, Volume 43, Issue 2, pp 167-176
Date: 27 Jun 2009

Nucleic Acids Electrotransfer-Based Gene Therapy (Electrogenetherapy): Past, Current, and Future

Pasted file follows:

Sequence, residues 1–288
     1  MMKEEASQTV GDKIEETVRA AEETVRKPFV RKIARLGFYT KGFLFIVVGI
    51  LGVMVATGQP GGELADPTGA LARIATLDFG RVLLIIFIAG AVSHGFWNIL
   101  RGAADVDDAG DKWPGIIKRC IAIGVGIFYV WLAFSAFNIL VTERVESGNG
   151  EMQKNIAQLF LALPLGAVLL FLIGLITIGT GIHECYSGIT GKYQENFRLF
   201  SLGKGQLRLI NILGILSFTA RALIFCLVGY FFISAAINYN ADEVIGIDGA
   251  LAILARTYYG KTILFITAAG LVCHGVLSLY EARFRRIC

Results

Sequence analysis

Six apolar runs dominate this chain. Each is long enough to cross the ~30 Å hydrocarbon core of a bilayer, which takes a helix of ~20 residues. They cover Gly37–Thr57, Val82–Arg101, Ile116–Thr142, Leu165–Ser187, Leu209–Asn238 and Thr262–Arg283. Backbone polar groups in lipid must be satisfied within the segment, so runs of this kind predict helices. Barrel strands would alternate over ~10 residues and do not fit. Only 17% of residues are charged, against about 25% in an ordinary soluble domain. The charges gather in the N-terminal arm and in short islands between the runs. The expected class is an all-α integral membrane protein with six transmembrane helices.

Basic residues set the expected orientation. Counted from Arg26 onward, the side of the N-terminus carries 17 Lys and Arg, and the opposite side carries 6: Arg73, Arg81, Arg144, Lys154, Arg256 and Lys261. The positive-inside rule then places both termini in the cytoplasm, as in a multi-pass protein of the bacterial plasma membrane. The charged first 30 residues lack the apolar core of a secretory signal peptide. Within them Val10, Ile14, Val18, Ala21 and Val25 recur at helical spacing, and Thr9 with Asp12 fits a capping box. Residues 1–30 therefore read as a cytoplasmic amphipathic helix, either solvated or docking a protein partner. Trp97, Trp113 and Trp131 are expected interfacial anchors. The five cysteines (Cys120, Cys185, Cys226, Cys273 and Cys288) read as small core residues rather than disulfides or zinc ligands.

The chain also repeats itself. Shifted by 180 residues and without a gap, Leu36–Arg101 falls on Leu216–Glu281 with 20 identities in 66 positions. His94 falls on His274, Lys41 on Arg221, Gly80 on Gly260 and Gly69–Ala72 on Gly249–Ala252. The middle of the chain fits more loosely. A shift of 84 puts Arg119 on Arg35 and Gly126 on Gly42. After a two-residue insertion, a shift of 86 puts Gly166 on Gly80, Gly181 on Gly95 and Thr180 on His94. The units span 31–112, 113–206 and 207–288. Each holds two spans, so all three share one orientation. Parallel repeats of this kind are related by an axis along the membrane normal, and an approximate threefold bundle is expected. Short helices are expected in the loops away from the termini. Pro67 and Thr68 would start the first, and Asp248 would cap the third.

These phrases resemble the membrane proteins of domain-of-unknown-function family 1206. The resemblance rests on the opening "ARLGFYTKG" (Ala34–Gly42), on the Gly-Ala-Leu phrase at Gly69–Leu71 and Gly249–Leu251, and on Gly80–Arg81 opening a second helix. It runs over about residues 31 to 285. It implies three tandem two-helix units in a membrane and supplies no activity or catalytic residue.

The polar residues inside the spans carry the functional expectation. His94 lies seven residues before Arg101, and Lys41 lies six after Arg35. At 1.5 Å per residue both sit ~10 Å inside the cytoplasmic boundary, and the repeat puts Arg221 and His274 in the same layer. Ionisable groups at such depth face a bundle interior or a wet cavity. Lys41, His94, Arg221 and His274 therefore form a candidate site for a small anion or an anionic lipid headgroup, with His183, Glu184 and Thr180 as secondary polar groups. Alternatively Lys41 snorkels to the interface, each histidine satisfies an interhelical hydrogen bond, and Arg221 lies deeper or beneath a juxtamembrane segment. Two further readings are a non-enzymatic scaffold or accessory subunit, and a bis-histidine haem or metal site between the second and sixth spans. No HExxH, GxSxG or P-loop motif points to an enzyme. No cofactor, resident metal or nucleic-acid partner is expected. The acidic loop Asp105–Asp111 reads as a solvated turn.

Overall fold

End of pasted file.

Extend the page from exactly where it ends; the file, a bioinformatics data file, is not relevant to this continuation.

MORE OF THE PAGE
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About 25 years after the publication of the first report on gene transfer in vitro in cultured cells by the means of electric pulses delivery, reversible cell electroporation for gene transfer and gene therapy (DNA electrotransfer) is at a cross in its development. Present knowledge on the effects of cell exposure to appropriate electric field pulses, particularly at the level of the cell membrane, is reported here. The importance of the models of electric field distribution in tissues and of the correct choice of electrodes and applied voltages is highlighted. The mechanisms involved in DNA electrotransfer, which include cell electropermeabilization and DNA electrophoresis, are also surveyed. This knowledge has allowed developing new nucleic acids electrotransfer conditions using combinations of permeabilizing pulses of high voltage and short duration, and of electrophoretic pulses of low voltage and long duration, which are very efficient and safer. Feasibility of electric pulses delivery for gene transfer in humans is discussed taking into account that electric pulses delivery is already regularly used for localized drug delivery in the treatment of cutaneous and subcutaneous solid tumors by electrochemotherapy. Because recent technological developments made DNA electrotransfer more and more efficient and safer, this non-viral gene therapy approach is now ready to reach the clinical stage. A good understanding of DNA electrotransfer principles and the respect of safe procedures will be key elements for a successful future transfer DNA electrotransfer into the clinics.